How to use this blog

For full effect, it is important to start with the earliest entries and work your way through the exercises to the most recent.

Tuesday, September 27, 2016

Example 1: The Good Samaritan

You are on your way to pick up your child from school.  You see a car on the side of the highway, apparently out of gas.  Looks like a mom and kids inside.  Reluctantly you pull over.  She explains her situation.  She has a gas can.  You leave her kids behind in the car (it's okay... one of them is 16) and give her a lift to the gas station.  She doesn't have any money.

The mom tells you she has a few dollars in her purse which she left in the car and she'll pay you for your trouble.  Do you take it? No, of course not.  It's only a few dollars.  What difference does it make to you?  It obviously means more to her.

You pay to fill her gas can and drive her back.  Of course this is a divided highway and you have to go back passed her car and turn around.  She seems to feel bad about the inconvenience for you and again offers to give you the few dollars she has in her purse.  You tell her she doesn't have to, but if she said a prayer for you that would be more than enough.

You drop her back off, wait for her to make sure her car starts and watch her drive down the highway.  You're now late to pick up your kid from school.

(a) Can you think of a reason why you should have taken the money?  Is that reason valid?  How does that make you feel?
(b) Was it right to ask the woman to pray for you?  What were you thinking in making such a request?  How does that make you feel?
(c) Did you consider your own child in this situation seeing as how they were waiting for you and relying on you to be a dependable parent.  What do you say to your child when you are twenty minutes late picking them up?  Will this affect your child's opinion of you in a positive or negative way.  How does that make you feel?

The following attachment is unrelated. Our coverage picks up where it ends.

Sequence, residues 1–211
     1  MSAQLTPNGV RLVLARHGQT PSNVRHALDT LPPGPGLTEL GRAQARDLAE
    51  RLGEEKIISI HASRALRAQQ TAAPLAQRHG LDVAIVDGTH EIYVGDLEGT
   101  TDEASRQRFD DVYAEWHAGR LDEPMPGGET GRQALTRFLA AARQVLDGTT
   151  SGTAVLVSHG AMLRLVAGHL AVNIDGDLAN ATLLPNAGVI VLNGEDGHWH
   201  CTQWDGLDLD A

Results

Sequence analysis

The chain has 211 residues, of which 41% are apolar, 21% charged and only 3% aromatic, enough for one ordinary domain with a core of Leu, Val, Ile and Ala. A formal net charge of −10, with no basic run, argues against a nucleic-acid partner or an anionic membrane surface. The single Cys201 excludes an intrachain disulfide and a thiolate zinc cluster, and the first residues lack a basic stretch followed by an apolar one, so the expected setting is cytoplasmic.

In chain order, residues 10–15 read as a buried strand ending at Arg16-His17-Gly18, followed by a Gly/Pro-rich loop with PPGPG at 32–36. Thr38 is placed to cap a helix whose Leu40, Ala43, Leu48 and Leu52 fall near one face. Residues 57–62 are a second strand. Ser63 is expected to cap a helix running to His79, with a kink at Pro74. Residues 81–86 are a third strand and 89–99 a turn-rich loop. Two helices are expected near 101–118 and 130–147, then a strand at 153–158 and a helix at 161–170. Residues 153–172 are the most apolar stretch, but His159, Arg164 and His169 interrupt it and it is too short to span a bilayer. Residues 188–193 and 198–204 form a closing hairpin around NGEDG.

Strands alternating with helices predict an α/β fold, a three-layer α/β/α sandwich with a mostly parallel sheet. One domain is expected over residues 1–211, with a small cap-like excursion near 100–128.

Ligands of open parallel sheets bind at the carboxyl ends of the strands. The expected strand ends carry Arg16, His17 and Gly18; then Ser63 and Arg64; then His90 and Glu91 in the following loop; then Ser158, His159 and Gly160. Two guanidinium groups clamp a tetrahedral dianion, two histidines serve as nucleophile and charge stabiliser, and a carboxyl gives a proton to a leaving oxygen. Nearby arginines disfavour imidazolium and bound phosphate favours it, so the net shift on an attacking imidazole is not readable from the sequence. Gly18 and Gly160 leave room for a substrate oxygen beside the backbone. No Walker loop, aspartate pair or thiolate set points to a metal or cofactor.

(d) Why did you stop for the mom with the kids in the car?  Would you have done the same for someone else?  Consider this question in depth and search for your own prejudices.  How does that make you feel?
(e) The ethnicity of the mom and children was not mentioned.  What do you think it was?  Why do you think that?  Considering your answer, how does that make you feel?
(f) Based on this experience and your answer to question (d) next time you see a stranded motorist, under what circumstances would you stop?  If you decide to stop, how do you feel?  If you decide not to stop, how do you feel?
(g) How many times in the past have you stopped and how many times in the past have you not stopped for a stranded motorist?  How do you feel right now?
(h) Now read the parable of the good Samaritan (Luke 10:25-37).  Does this passage offer any clue to how the Samaritan felt while he administered aid to a Jew?  If you were a Jew listening to this story, knowing what you know about the antipathy between Jews and Samaritans how would you feel? 

For questions (a)-(g) what emotion comes closest to describing the way you feel.

angst, regret, guilt, sadness, remorse, anger, happiness, peace, satisfaction, or other?

Monday, September 26, 2016


But when you give alms, do not let your left hand know what your right hand is doing (Matt 6:3)

In this blog we will explore the complex emotion Falzhaefengilt in pseudonymous mode.  The exploration is of limited duration and narrow scope. 

The scope consists of the following:

(1) What is Falzhaefengilt?
(2) Is Falzhaefengilt real?
(3) What are the symptoms of Falzhaefengilt?
(4) Is Falzhaefengilt actually something else?
(5) What causes Falzhaefengilt?
(6) Is Falzhaefengilt a problem?
(7) If Falzhaefengilt is a problem, is it a spiritual problem?
(8) Should we cure Falzhaefengilt?
(9) What would the cure to Falzhaefengilt consist in?